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A Subversive Potpourri: Concrete Revolutio or When the Phantasmagoria Turns Political

According to Thomas LaMarre (xx-xxi), animation has been for a long time regarded as a lesser art form than cinema while the scholarly interest into animation studies has represented a rather recent development beginning with the 1990s, when it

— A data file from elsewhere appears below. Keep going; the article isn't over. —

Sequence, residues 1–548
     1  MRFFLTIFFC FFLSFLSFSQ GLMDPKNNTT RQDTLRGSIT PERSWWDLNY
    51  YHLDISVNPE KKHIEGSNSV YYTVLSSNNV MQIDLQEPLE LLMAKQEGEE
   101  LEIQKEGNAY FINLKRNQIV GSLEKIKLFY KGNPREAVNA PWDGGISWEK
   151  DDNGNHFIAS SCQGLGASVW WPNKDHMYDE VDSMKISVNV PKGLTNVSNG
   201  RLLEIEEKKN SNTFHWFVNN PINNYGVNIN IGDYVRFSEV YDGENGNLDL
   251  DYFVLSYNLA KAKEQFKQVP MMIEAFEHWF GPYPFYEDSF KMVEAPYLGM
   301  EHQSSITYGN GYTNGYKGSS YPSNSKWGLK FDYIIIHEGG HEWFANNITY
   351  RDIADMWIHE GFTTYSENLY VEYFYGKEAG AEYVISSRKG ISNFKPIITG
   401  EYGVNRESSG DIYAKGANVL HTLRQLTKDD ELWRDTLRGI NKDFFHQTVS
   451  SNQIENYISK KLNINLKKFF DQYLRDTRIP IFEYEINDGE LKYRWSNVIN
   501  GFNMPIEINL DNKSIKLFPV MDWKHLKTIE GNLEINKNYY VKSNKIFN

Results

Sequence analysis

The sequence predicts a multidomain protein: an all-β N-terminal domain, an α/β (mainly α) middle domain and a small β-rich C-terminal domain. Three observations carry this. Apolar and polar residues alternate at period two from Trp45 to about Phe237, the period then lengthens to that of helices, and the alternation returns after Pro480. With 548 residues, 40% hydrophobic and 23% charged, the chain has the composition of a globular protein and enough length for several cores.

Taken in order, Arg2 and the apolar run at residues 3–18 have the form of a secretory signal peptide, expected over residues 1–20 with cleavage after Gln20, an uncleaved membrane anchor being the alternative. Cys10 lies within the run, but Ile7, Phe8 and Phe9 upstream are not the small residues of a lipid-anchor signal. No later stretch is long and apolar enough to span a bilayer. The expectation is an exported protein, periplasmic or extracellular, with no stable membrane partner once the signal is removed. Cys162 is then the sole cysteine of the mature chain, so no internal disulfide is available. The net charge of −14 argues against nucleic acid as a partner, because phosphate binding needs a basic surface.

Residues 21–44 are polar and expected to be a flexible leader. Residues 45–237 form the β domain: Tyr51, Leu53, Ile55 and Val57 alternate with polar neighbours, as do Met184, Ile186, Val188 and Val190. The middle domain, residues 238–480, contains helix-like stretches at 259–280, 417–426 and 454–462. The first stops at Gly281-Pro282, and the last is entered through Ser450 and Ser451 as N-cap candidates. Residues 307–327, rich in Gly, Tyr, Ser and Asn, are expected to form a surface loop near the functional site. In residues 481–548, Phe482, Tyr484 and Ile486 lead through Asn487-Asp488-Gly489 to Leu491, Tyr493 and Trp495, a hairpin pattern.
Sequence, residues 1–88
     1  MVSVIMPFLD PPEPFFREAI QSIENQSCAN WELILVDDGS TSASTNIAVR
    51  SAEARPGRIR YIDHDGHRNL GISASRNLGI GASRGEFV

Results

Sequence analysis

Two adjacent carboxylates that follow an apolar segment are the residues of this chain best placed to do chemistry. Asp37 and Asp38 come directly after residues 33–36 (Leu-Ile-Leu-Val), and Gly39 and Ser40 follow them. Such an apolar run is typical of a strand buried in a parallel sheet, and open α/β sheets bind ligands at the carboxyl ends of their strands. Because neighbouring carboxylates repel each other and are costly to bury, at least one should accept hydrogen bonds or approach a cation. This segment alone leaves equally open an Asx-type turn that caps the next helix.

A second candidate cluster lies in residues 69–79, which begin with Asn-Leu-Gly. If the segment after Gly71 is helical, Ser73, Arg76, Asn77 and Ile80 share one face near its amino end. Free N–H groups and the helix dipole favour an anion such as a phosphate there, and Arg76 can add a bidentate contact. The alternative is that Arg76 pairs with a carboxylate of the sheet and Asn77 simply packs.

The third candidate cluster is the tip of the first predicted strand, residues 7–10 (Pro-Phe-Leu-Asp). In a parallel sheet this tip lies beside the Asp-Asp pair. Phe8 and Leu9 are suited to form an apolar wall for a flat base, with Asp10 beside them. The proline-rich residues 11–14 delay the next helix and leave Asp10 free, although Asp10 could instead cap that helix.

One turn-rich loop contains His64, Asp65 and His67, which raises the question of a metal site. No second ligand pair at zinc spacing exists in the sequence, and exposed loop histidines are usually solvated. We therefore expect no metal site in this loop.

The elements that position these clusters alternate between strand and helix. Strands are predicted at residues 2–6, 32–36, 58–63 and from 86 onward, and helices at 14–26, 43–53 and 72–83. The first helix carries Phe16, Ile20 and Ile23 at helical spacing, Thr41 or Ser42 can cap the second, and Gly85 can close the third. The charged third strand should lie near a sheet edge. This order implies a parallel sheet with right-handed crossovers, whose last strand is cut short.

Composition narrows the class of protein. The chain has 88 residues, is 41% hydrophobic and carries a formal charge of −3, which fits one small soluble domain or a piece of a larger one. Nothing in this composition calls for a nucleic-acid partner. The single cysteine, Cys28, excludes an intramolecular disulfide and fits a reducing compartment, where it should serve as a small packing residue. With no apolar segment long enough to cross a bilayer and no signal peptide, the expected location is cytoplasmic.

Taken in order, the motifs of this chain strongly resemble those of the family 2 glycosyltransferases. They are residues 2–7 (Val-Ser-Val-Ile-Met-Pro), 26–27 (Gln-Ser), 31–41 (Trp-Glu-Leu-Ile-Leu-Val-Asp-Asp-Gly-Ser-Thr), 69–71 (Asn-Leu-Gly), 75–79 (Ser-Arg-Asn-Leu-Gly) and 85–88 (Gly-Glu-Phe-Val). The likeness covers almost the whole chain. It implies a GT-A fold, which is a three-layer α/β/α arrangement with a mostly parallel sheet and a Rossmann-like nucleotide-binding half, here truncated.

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  86 Luiza-Maria FILIMON  Luiza-Maria FILIMON  A S u b versive  P otpourri : Concrete Revolutio or  Wh en   t h e  Ph antasmagoria  T urns  P oliti c al Abstract.  According to Thomas LaMarre (xx-xxi), animation has been for a long time regarded as a lesser art form than cinema while the scholarly interest into animation studies has represented a rather recent development beginning with the 1990s, when it begins to coalesce into a proper fi eld of study. In the case of anime  – Japanese animation – the research on the various genres explored in anime  and the various types of media production, has also represented a rather recent research interest of this art form in the West. The works of fi lm-makers like Studio Ghibli’s internationally acclaimed Hayao Miyazaki, Mamoru Oshii or Satoshi Kon as well as other more commercially popular anime , have crossed over with global audiences. The present study analyses an anime  series entitled Concrete Revolutio : Ch ō  jin Gens ō   ( Superhuman Phantasmagoria ), produced by Studio Bones, directed by Seiji Mizushima and written by Sh ō   Aikawa, which ran in two split cours between 2015 and 2016. Concrete Revolutio  is a series removed from the arche-typal trope often plaguing the cinematic and animation landscape, namely that of a logocentric worldview constrained by binary oppositions. From a methodological standpoint, the study applies a multi-layered approach to the study of anime , in order to address the socio-political implications of a series that uses idiosyncratic characters of all shapes and sizes – from superheroes to demons, from aliens to Godzilla-like monsters – to provide a meta-critique not only of Japanese postwar history but of militarism, late stage capitalism, globalization, or exploitation to name but a few. Keywords:   anime , Cold War period, mecha , non-linear narrative, posthuman aesthetics, science- fi ction, Seiji Mizushima. EKPHRASIS, 1/2016 E XTREME  S TORYTELLING pp. 86-109  Luiza-Maria FILIMON National School of Political and  Administrative Studies, Bucharestemail: luiza. fi  Justice is not on my side / The only thing absolute  for me is myself / We hurl our unanswerable cries at each other / And they become the reason we live /What can I do in this hopeless world we live in? / Only those that keep searching can become the future /Start the revolution” (ZAQ – Katararezu Tomo ( Without Heartlessness ) – Concrete Revolutio  Opening Theme) Quis custodiet ipsos Custodes ?(“Who watches the Watchmen?”)(Juvenal – Satires )  87  A Subversive Potpourri: Concrete Revolutio   or When the Phantasmagoria Turns Political I. I ntrodu c tion  Anime  provides in Denison’s view, “a representation of reality, rather than its pre-sentation” (16) while the posthuman bodies that inhabit sci- fi  and mecha   anime (ro- bot anime )   are “a metaphor that allows us to re fl ect on a cultural shift” (Silvio 117). In the anime   Concrete Revolutio: Ch ō  jin Gens ō  ( Superhuman Phantasmagoria ) (2015), di-rector Seiji Mizushima and screenwriter Sh ō  Aikawa have created an idiosyncratic world populated by superheroes, magical girls,  yokai s (supernatural beings), kaiju s (monsters), aliens, robots, cyborgs, state agents and experiments – whose existence is obfuscated by governmental forces and safeguarded by the “Superhuman Bureau”. While at fi rst, Concrete Revolutio  which is set in a fi ctional Shinka  (Evolution) Era, in the year Apotheosis 41, twenty years after the war, might look like an incoherent jumble of Japanese pop cultural artefacts, the anime  successfully subverts the very tropes it is comprised of. Meanwhile its nonlinear narrative opts for what Dancyger describes as the embrace of “politics over psychology” (395). Across the series, the narrative keeps switching to and from the present, the past and the future, while the protagonists of the Superhuman Bureau are tasked with registering and protecting the superhuman individuals as well as terminating those who pose a threat to peace. This study at-tempts to deconstruct the meta-narrative at the center of this Japanese phantasma-goria through the lenses of the larger socio-political context which the anime echoes . In the fi rst section, it approaches the issue of nonlinearity and how it is used stylis-tically to construct the universe through a comparative analysis of the graphic nov-el, Watchmen . In the second part, the study takes a more in-depth look at issues con-cerning posthumanism through the various posthuman characters populating this fi ctional universe and thirdly, it provides an overview of how the themes of justice, peace and freedom re fl ected in the leitmotif of “student protests, counterculture aes-thetics and looming threat of American intervention” (Creamer “A Fire Burns”), are counter-intuitively more divergent than one might give them credence to. Concrete Revolutio  capture the essence of anime “in relation to the emergence of something new – the postmodern, the post-human, the post-national, non-identitarian politics, and more recently the digital and new media” (Lamarre 185 in Teo 73).This research aims to inform and expand on the study of Japanese animation as well as to showcase the nuances and complexities of this medium through the multi-layered analysis of the anime   Concrete Revolutio . From a methodological stand-point, the study approaches its research object by relying both on the fi eld’s litera-ture as well as by referring to a series of anime  blog reviews that explore the multifac-eted aspects of this series (historically wise, from a media and propaganda point of view, as well as from a critical framework of discourse analysis). The study comprises of three main sections whose main purpose is to underline the syncretic and idiosyn-cratic nature of the anime . Concrete Revolutio  has a syncretic structure due to the mul-titude of ideas and various subsets of socio-political implications as well as due to its American in fl uence. These aspects are highlighted by addressing: 1. the turbulent his-  88 Luiza-Maria FILIMON  torical context which the series echoes, 2. the issues revolving around posthumanism and what it means to be part of an Alterity as well as how the Alterity is used, abused, exploited and manipulated to suit governmental and private agendas; and 3. the ten-sion behind the triad comprised of the series central themes, namely peace, justice, freedom and how they disjunctively reoccur. This article a t empts to convey the com-plexity of anime  as an animation medium and highlights this aspect by analyzing the series both from a structural point of view as well as from the manner in which it ex-plores the themes mentioned above. This complexity is what sets anime  apart from American animation and is supported in Napier’s view, by a moral and “psycho-logical subtlety, and willingness to embrace the tragic potential of human existence” (“Manga and anime” 223). I.1. Sh ort  O vervie w o f A nime ’ s  S o c io -P oliti c al , M ilitary   and  E t h i c al  I mpli c ations Unlike Western cartoons – which for the most part are children-orientated, anime  as a medium for animation is not limited from age constraints. In fact, as Perper and Cornog note, it is the propensity for integrating “political, social, and emotional is-sues into narrative entireties” (xvi) that had a major in fl uence in reconsidering the untapped potential of Western animations or comics. In Napier’s view, “anime mines all aspects of society and culture for its material, not only the most contemporary and transient of trends but all the deeper levels of history, religion, philosophy, and pol-itics” (32). The author identi fi es a subversive element to anime  ,   as a product created for public consumption and lacking from the American popular cultural landscape inhabited by “social con fl icts, contemporary fears, and utopian hopes and a t empts at ideological containment and reassurance” 1  (Kellner in Napier 33), so vividly ex-pressed whenever the “exceptionalism” myth is invoked. In other words while the la t er “reassures”, the former “de-assures” (Napier 33). This is identi fi ed in Concrete Revolutio : Ch ō  jin Gens ō  , where “de-assurance” inhabits a substrate of the series, which relies on di ff erent facets of history, ideology, philosophy, politics and popular cul-ture, to “de-assure” the viewer that the existing status quo  means things are ge t ing in the right direction. Instead of lulling us into a false state of security, it tells us direct-ly and unequivocally that we are on the verge of the precipice and the abyss is star-ing back at us. There is a critique of militarism, of unchecked power publically and privately administered and lack of transparency, at the core of  Concrete Revolutio  which mir-rors both the tumultuous late 1960s and 1970s in the Japanese society and is also ap-plicable to the more contemporary, reactionary politics. Prime Minister Shinzo Abe frequently invokes a militarist rhetoric that if put in practice would e ff ectively end  Japan’s decades long policy of “pursu[ing] security without relying on an arms build-up or a nuclear alliance with the United States or any other nation” (Hook 4). As Saito highlights, paci fi sm and militarism – which constitute the building blocks of  89  A Subversive Potpourri: Concrete Revolutio   or When the Phantasmagoria Turns Political the Japanese national identity –– “hold commensurable values” (37). Now more than ever, the fear – Bolton identi fi ed in political anime like Blood the Last Vampire  (2000) – “that latent Japanese militarism (which has been pushed back into the realm of fanta-sy up to now) will somehow merge with the three-dimensional world... and reassert itself” 2  (5 in Saito 38) – is very real and palpable, especially when considering China’s ascendency on the world stage, Japan’s economic turmoil or North Korea’s nucle-ar program. Where the nuclear option is concerned, Morton Halperin, former U.S. Department of State Director of the Policy Planning Sta ff  during the Clinton adminis-tration, wrote that: “There is no guarantee that Japan would not pursue a nuclear op-tion under the right circumstances” (2), even though such a pursuit would go against  Japan’s three non-nuclear principles: to “not manufacture or possess nuclear weap-ons or allow their introduction into” Japan (Prime Minister Eisaku Sato (1968) quot-ed by Halperin 14). Similar to director Mizushima Seiji’s previous works, Concrete Revolutio evokes like  Mobile Suit Gundam 00  before it, what Ashbaugh and Shintarou refer to as “the message of paci fi sm and criticism of contemporary geopolitics” (110). Moreso, it is worth noting that the underlying tension between the three main themes of Concrete Revolutio  , namely those of “peace”, “justice” and “freedom”, is by the authors’ design. Time and time again, as a reviewer observes: “Everyone in this series with a sense of ideals seems to be fi ghting for one of those three [peace, justice, freedom], and when they’ve overlapped those people become allies. But more often than not, they seem to  be mutually exclusive” ( Lost in Anime  , “Concrete Revolutio: Choujin Gensou – 02”). II. Th e  C on c eit   o f N onlinearity :Of A nimated  N arrative  E xploits , P rotests   and  S uper h eroes II.1. A R evie w o f P rotest  M ovement   in  J apan  (1960-1970) Concrete Revolutio is set in a postwar Japan in an alternate Cold War where the su-perhumans are the series’ equivalent of weapons of mass-destruction. As a review-er notes: piecing together the series’ media puzzle... superhumans were once enlisted by the U.S. government to fi ght against the kaiju in the 17th of the Shinka Era (1942), and the initial discovery of Gigantopitecus Gigantus took place in the same year that real-life analogue World War II began; 1939 or the 14th of the Shinka Era. Following the end of the war, superhumans mysteriously vanished from all forms of media (  Atelier Emily ). As the study will show in this section, the anime  focuses mostly on a tumultuous pe- riod in Japan’s history, revolving around the 1960s and 1970s while at the same time, addressing more contemporaneous issues. Both the screenwriter Sh ō  Aikawa and the director Seij Mizushima’s previous works have been known for their political themes and criticism of the establishmentarian status quo  , having showcased “how... elements  90 Luiza-Maria FILIMON  of culture and belief, especially ethno-centrism, militarism and paci fi sm, constrain and dispose societies toward war or peace” (Crawford 198). The relation with the United States and the protest movements further help in establishing a correlative timeline  between the events in the anime  and the historical events. The U.S. Occupation Forces and especially the rati fi cation of the US-Japan Security Treaty in 1952, triggered protest movements whose particularity was given by the fact that the treaty with the U.S. had a clause stating that the treaty be rati fi ed ev-ery ten years from 1960. The “decade” is now perceived “as an important parame-ter for conceptualizing time” (Kelman 78-79). Sharp describes that the failure of the anti-Treaty movement (  Anpo hantai ) was a marquee “in the political discourse of the 1960s, especially given Japan’s role in supporting U.S. troops during the Vietnam War. …Further mass protests occurred with the second renewal of the treaty on 14  June 1970, but to this day the joint military pact between the United States and Japan remains in e ff ect” (21).Kelman describes how “[i]ssues of agency, activism and protest were prioritized in political debates as activists searched the ruins of Japan’s parliamentary democra-cy for a semblance of hope and a new foundation for democratic political develop-ment” (79). The Japanese New Wave addresses the failure of the 1960 and 1970 pro-tests, with movies “contextualiz[ing] their dramas within the world of student radi-calism and other antiauthoritarian activity” (Sharp 22). Concrete Revolutio provides a critical reading of these events and not even the ac-tivists are spared from the critique. The protests from 1967-1970 did not stop the re-newal of the treaty, whose extension was automatic unless the Japanese Parliament and U.S. Congress decided to terminate the treaty (Gatu 181). Like in the rest of the world, 1968’s global activism touched upon the Japanese shores in what was going to be known as the Zenky ō t ō  Era – a time when in K ō  ji’s words: “activism spread through-out the country like wild fi re” (quoted in Kelman 248). The student protests from Concrete Revolutio  are almost a perfect replica of the student protesters from  Japan’s biggest universities: Tokyo and Nihon, whose aims were to “challeng[e] ex-isting structures of power” (Kelman 248) before things turned sour and devolved into violence with “many of the activists ... so shocked by the repeated intra- or inter- group violence that they decided to leave the movements” (Ando 18). The case of the student protests’ situation is described by Kelman as follows: The scale of the university upheaval was unprecedented. Of the three hundred and seventy seven universities that existed in 1968, one hundred and seven were plagued  by disputes. By 1969 this number had increased to one hundred and fi fty two as stu-dents vied to challenge the university authorities and establish their place within the massive upheaval that was sweeping the nation’s institutions. The disputes even ex-tended to high schools where classrooms were barricaded and occupied, and young students entered into the fray of activism, participating in the street demonstrations. The 1969 White Paper on Security published by the National Police Agency noted that